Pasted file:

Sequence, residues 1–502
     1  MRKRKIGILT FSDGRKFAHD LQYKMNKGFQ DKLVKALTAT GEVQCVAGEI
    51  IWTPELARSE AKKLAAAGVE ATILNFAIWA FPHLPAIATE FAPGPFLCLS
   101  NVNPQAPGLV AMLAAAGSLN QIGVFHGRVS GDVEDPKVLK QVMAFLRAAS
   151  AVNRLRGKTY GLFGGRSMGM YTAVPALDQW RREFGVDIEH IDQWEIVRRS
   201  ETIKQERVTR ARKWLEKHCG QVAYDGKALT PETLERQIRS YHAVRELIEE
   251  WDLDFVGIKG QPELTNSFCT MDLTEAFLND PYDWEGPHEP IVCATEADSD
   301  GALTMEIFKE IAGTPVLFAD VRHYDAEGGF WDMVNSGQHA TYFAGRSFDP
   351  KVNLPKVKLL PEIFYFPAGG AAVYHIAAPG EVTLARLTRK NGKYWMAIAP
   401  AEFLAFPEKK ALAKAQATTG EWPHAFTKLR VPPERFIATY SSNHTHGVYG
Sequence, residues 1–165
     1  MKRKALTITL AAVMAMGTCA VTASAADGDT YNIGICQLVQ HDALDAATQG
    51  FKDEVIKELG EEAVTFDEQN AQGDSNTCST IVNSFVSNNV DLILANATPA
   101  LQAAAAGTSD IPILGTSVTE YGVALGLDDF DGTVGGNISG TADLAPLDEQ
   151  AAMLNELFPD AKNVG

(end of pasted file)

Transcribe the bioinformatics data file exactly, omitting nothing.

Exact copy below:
Sequence, residues 1–502
     1  MRKRKIGILT FSDGRKFAHD LQYKMNKGFQ DKLVKALTAT GEVQCVAGEI
    51  IWTPELARSE AKKLAAAGVE ATILNFAIWA FPHLPAIATE FAPGPFLCLS
   101  NVNPQAPGLV AMLAAAGSLN QIGVFHGRVS GDVEDPKVLK QVMAFLRAAS
   151  AVNRLRGKTY GLFGGRSMGM YTAVPALDQW RREFGVDIEH IDQWEIVRRS
   201  ETIKQERVTR ARKWLEKHCG QVAYDGKALT PETLERQIRS YHAVRELIEE
   251  WDLDFVGIKG QPELTNSFCT MDLTEAFLND PYDWEGPHEP IVCATEADSD
   301  GALTMEIFKE IAGTPVLFAD VRHYDAEGGF WDMVNSGQHA TYFAGRSFDP
   351  KVNLPKVKLL PEIFYFPAGG AAVYHIAAPG EVTLARLTRK NGKYWMAIAP
   401  AEFLAFPEKK ALAKAQATTG EWPHAFTKLR VPPERFIATY SSNHTHGVYG
Sequence, residues 1–165
     1  MKRKALTITL AAVMAMGTCA VTASAADGDT YNIGICQLVQ HDALDAATQG
    51  FKDEVIKELG EEAVTFDEQN AQGDSNTCST IVNSFVSNNV DLILANATPA
   101  LQAAAAGTSD IPILGTSVTE YGVALGLDDF DGTVGGNISG TADLAPLDEQ
   151  AAMLNELFPD AKNVG